wed 21/10/2020

Angel Olsen, Electric Ballroom | reviews, news & interviews

Angel Olsen, Electric Ballroom

Angel Olsen, Electric Ballroom

Immersive haunting vocals from Missouri-born solo singer captivates for the most part

“You don’t always get what you want in life,” said Angel Olsen to a group of fans haranguing her at the front last night at the Electric Ballroom. She rarely uttered a word between songs but this was a defiant end to the evening. Though her powerful Orbison-like warbling travelled clearly across the smoky stage to the denizens  a much needed intimacy was absent over the course of her fourteen-song set.

“You don’t always get what you want in life,” said Angel Olsen to a group of fans haranguing her at the front last night at the Electric Ballroom. She rarely uttered a word between songs but this was a defiant end to the evening. Though her powerful Orbison-like warbling travelled clearly across the smoky stage to the denizens  a much needed intimacy was absent over the course of her fourteen-song set. A captivating presence who confidently delivers haunting vocals, she lost the connection with the audience in the final throes, who at first seemed rapt.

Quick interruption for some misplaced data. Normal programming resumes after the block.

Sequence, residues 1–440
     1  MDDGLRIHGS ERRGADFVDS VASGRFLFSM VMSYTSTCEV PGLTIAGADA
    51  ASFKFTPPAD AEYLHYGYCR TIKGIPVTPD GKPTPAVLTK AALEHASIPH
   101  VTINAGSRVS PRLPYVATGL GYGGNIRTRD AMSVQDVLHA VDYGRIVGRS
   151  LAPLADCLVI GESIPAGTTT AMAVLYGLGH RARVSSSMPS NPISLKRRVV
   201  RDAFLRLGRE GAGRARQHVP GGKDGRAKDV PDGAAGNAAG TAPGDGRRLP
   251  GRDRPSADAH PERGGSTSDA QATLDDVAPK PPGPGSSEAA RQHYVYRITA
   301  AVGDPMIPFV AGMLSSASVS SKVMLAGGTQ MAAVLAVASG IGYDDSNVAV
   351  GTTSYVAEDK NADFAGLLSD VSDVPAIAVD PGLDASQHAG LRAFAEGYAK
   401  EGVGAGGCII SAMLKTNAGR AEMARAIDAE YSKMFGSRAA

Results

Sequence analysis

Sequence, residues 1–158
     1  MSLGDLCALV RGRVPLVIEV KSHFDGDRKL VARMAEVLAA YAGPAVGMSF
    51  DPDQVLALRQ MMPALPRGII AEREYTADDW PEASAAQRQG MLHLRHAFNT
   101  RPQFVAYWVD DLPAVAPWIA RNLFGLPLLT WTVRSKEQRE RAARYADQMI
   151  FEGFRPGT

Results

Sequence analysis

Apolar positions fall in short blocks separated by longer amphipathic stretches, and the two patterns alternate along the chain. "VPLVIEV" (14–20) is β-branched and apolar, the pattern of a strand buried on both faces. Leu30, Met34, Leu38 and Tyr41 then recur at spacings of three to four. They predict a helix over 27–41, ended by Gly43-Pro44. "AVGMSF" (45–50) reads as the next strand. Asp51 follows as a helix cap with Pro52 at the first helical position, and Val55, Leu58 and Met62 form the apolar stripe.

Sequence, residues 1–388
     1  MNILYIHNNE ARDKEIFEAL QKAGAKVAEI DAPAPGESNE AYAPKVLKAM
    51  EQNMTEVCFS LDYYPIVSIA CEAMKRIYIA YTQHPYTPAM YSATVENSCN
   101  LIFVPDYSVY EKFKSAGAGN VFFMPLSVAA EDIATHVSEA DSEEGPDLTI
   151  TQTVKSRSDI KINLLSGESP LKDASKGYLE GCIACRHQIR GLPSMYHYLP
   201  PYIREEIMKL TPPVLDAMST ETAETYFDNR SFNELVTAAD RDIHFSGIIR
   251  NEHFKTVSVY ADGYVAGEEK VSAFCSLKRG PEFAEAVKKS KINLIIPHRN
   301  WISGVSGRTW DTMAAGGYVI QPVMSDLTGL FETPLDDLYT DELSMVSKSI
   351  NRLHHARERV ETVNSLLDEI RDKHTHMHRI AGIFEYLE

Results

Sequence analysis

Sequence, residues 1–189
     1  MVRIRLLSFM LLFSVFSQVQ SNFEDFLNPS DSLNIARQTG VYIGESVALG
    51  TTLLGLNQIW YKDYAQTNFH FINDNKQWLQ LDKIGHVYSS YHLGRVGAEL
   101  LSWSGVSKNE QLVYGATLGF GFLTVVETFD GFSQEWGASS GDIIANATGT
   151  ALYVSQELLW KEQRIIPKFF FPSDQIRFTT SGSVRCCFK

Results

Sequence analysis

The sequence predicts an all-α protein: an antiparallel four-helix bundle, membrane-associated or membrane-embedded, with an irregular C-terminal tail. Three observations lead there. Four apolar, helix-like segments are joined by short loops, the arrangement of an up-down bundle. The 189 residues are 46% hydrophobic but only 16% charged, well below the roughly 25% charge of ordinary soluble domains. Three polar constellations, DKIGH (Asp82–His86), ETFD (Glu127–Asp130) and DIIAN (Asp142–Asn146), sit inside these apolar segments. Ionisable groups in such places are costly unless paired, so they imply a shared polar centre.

Brazilian opener, Rodrigo Amarante, who has accompanied Olsen across Europe, drew a decent crowd who silently swayed to the sounds of his solo acoustic charms. Swathed in smoke and yellow lighting, he delivered his dreamy melodies quietly entrancing those entering the half-full venue. His gentle lulls proved a fine aperitif to Olsen's more direct, steely-eyed approach.

There’s an aching intensity to the 26-year-old, Missouri-born singer who drew a hushed regard as she took to the stage with the opening track from Burn Your Fire for No Witness (her second full-length album released earlier this year), “I quit my dreaming the moment I found you”. Her moody lyrics instantly get under the skin. An oddly enthralling, unflinchingly sad and surreal ambience which is entirely Lynchian in its grip sweeps across the ballroom.

It is only on her fourth song when Olsen decides to break the silence, simply stating, “It’s good to be back.” She continues on her mellow, pained and breathless quest through a few more songs. And then, she sweetly waves to an over-enthusiastic fan before ramping it up with grunge-filled fury in "Forgiven/Forgotten". Olsen kicking into a cover of Fleetwood Mac’s "Dreams" is met with whoops of approval.

For the majority Olsen immerses the audience in a gloomy half-dream but her performance may have been better served at a smaller venue.

Olsen immerses the audience in a gloomy half-dream

rating

Editor Rating: 
3
Average: 3 (1 vote)

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